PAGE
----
By Irma Fritz/for the Auburn Reporter
Lately we have been speaking of building bridges. What can a city, state, church or community do to help newly disenfranchised groups, i.e. refugees, families torn apart by deportation, or those affected by hate crimes?
While building bridges is much needed, we also need to mend them with long established members of our community who have traditionally been discriminated against. Many people of color, who have every right to be here, suffer discrimination in every aspect of their daily lives, such as housing, wages, opportunities for advancement, disproportionate arrests leading to incarceration and even death. Many have experienced a form of personal terror unknown to white Americans.
I have observed that some of my African-American neighbors feel a helpless rage, an emotion they often find hard to articulate to someone of another race. Just the other day I watched a black mom confront a white employee at the YMCA after he told her children that they could not use age-inappropriate equipment. He was polite and not aware that the mother was nearby. The woman became outraged and said he should have addressed her directly and demanded he show her and her family some respect. After that outburst, she gathered her children and left – leaving all feeling abused and hurt.
As a female, my heart ached for the woman who felt the need to protect her family’s dignity. As a white woman, my heart ached for her children, who are taught to distrust a white person. And my heart ached for the white man, who in future encounters may approach a person of color with misgivings. Such a small misunderstanding, but for the black mom it must have been so much salt into old wounds.
While I know my neighbors in our multiracial neighborhood, I find little opportunity to connect in a meaningful way. I also know that “feeling another’s pain” is only a small start and no solution to our racial divide.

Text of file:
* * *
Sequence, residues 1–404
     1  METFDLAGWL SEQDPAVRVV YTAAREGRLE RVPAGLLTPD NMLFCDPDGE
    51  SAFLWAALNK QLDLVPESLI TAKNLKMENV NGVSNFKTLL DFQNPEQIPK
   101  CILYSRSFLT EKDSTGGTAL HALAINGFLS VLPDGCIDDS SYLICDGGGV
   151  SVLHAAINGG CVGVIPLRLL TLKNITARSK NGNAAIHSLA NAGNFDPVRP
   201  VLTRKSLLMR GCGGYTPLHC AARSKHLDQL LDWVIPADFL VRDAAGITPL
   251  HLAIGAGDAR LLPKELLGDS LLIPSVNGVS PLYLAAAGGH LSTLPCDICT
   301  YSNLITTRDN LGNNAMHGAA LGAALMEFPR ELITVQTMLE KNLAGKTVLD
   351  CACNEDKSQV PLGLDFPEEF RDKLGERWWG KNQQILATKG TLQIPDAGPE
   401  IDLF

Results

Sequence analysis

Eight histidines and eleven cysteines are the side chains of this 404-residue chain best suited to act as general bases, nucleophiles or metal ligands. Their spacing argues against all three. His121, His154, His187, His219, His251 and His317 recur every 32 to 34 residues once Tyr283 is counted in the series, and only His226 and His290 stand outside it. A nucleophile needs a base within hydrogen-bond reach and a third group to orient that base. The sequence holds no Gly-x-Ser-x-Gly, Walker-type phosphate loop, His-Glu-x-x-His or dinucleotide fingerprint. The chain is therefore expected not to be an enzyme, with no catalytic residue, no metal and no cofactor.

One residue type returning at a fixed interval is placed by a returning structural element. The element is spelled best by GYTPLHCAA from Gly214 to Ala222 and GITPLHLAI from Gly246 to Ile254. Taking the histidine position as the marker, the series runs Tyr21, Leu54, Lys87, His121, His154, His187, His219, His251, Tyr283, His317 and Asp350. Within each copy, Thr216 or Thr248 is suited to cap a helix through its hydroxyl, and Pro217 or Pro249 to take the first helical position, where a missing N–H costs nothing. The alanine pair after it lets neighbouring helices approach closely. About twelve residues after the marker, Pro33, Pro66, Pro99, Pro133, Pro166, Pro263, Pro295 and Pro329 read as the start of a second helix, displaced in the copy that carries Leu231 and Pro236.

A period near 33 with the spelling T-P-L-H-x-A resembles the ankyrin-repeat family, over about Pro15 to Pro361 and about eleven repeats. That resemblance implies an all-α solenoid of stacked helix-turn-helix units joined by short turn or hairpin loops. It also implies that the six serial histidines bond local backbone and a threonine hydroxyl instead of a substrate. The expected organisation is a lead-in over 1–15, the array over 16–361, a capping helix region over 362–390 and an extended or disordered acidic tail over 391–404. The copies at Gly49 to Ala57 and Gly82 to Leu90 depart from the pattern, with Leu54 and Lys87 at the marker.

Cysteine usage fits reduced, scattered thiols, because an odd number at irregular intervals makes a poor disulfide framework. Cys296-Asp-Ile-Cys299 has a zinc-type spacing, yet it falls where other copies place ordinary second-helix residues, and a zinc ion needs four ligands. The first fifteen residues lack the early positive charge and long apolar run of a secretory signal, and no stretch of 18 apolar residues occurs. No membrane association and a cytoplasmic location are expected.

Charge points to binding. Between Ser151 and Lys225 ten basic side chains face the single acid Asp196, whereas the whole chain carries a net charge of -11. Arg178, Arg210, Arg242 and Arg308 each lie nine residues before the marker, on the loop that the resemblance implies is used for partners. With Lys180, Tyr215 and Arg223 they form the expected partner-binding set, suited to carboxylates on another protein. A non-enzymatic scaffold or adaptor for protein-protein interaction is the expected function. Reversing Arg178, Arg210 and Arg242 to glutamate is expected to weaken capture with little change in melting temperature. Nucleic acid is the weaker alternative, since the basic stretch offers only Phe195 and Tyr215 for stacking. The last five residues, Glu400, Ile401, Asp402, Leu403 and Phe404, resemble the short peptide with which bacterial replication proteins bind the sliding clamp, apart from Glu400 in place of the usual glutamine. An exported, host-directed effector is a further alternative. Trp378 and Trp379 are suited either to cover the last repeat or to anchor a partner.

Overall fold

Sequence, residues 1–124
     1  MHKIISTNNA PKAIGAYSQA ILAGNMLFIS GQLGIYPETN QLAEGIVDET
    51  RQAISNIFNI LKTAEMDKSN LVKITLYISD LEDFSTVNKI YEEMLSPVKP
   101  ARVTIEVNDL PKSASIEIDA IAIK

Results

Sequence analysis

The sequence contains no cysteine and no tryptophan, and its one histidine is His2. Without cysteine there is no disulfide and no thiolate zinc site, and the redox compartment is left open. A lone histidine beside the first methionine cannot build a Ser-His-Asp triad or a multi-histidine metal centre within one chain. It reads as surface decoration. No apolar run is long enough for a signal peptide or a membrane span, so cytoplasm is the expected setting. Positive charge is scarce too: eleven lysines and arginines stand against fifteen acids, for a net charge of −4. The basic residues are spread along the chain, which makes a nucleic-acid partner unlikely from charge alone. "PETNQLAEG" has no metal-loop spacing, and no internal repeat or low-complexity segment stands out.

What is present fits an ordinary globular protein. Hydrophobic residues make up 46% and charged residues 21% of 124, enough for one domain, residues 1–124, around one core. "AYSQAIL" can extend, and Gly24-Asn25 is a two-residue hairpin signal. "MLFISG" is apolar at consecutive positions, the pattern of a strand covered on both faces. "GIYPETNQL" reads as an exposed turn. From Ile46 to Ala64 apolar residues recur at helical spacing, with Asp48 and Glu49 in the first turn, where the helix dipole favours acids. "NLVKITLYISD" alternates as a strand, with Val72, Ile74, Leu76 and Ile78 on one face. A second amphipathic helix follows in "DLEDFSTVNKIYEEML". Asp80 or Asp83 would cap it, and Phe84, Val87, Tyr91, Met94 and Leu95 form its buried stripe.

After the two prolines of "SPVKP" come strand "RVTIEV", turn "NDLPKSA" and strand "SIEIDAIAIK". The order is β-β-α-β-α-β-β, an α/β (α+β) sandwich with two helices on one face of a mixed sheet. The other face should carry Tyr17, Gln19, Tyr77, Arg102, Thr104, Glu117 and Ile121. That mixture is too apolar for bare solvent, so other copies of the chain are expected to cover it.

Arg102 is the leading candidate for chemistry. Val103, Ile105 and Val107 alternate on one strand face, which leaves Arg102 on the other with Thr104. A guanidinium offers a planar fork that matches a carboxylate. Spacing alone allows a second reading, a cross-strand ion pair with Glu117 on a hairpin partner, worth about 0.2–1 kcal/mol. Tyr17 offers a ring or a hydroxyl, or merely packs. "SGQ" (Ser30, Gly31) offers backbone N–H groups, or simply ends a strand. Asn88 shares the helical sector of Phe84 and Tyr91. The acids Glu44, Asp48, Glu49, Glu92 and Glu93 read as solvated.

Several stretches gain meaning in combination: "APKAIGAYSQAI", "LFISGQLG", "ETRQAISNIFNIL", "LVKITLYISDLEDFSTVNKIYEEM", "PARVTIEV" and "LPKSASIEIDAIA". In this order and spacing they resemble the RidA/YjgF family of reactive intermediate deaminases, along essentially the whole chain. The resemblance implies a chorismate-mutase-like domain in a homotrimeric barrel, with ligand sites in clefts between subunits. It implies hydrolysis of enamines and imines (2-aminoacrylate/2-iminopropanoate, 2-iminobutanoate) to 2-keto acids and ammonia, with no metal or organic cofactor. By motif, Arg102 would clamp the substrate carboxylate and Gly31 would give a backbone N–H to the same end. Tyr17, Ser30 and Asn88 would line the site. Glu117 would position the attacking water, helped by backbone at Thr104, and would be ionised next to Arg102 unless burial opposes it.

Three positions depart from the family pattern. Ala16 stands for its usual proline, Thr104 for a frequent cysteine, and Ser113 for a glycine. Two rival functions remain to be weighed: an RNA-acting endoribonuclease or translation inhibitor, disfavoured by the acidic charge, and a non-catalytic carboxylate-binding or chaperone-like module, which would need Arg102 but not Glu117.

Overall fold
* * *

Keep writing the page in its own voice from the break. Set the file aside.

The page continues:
In addition, our current political polarization creates frequent disagreements between many of us who previously thought to have much in common. Recently an acquaintance spoke to me about the current climate of hate. Together we bemoaned this situation before we realized we were on opposite sides of the political spectrum.
How did it come to be that we now have incompatible meanings for the same words? How can we learn to speak so we understand each other again?
And to get back to the issue at hand, while residents of states and cities, members of churches and groups are uniting, marching and talking of building bridges for the newly disenfranchised, those of us who talk and march are too often people of the same color.
Let’s talk together, let’s march together, and let’s not forget that separate has never been, nor will it ever be, equal.
We must mend bridges with those who have never felt truly connected. We must ask each other uncomfortable questions so we can find answers. We must keep talking and learning. And how do we do this? How do we go from believing we’re all one nation to truly knowing it? How can we learn to speak the language of the heart and not the language of separation? How can we truly say we are one people when we are not connected to those who don’t look or pray or eat or dress or vote like us? How can we stop ourselves from pouring salt into each other’s wounds?
Maybe we’ll learn to welcome the stranger only after we’ve learned to open our hearts to those who have lived among us all along.
Irma Fritz is a writer and lives in Auburn. She is the author of “Irretrievably Broken.”